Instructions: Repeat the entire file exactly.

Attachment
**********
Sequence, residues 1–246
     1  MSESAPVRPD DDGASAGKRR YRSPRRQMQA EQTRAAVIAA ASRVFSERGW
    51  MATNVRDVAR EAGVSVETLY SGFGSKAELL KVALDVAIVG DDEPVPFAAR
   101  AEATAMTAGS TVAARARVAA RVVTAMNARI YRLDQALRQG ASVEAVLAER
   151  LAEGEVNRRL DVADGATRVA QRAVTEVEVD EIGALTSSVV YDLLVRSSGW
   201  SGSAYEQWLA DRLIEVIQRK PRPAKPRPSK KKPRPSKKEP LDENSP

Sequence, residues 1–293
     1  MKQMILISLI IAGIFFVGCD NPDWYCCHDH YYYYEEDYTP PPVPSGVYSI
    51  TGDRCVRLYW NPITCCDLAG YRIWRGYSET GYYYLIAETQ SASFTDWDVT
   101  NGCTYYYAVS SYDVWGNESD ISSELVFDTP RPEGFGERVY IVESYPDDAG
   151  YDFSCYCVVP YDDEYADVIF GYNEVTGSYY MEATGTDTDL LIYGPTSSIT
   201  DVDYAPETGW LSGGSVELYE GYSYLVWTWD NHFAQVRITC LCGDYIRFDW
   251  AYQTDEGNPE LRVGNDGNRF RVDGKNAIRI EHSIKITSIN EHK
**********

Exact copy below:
Sequence, residues 1–246
     1  MSESAPVRPD DDGASAGKRR YRSPRRQMQA EQTRAAVIAA ASRVFSERGW
    51  MATNVRDVAR EAGVSVETLY SGFGSKAELL KVALDVAIVG DDEPVPFAAR
   101  AEATAMTAGS TVAARARVAA RVVTAMNARI YRLDQALRQG ASVEAVLAER
   151  LAEGEVNRRL DVADGATRVA QRAVTEVEVD EIGALTSSVV YDLLVRSSGW
   201  SGSAYEQWLA DRLIEVIQRK PRPAKPRPSK KKPRPSKKEP LDENSP

Sequence, residues 1–293
     1  MKQMILISLI IAGIFFVGCD NPDWYCCHDH YYYYEEDYTP PPVPSGVYSI
    51  TGDRCVRLYW NPITCCDLAG YRIWRGYSET GYYYLIAETQ SASFTDWDVT
   101  NGCTYYYAVS SYDVWGNESD ISSELVFDTP RPEGFGERVY IVESYPDDAG
   151  YDFSCYCVVP YDDEYADVIF GYNEVTGSYY MEATGTDTDL LIYGPTSSIT
   201  DVDYAPETGW LSGGSVELYE GYSYLVWTWD NHFAQVRITC LCGDYIRFDW
   251  AYQTDEGNPE LRVGNDGNRF RVDGKNAIRI EHSIKITSIN EHK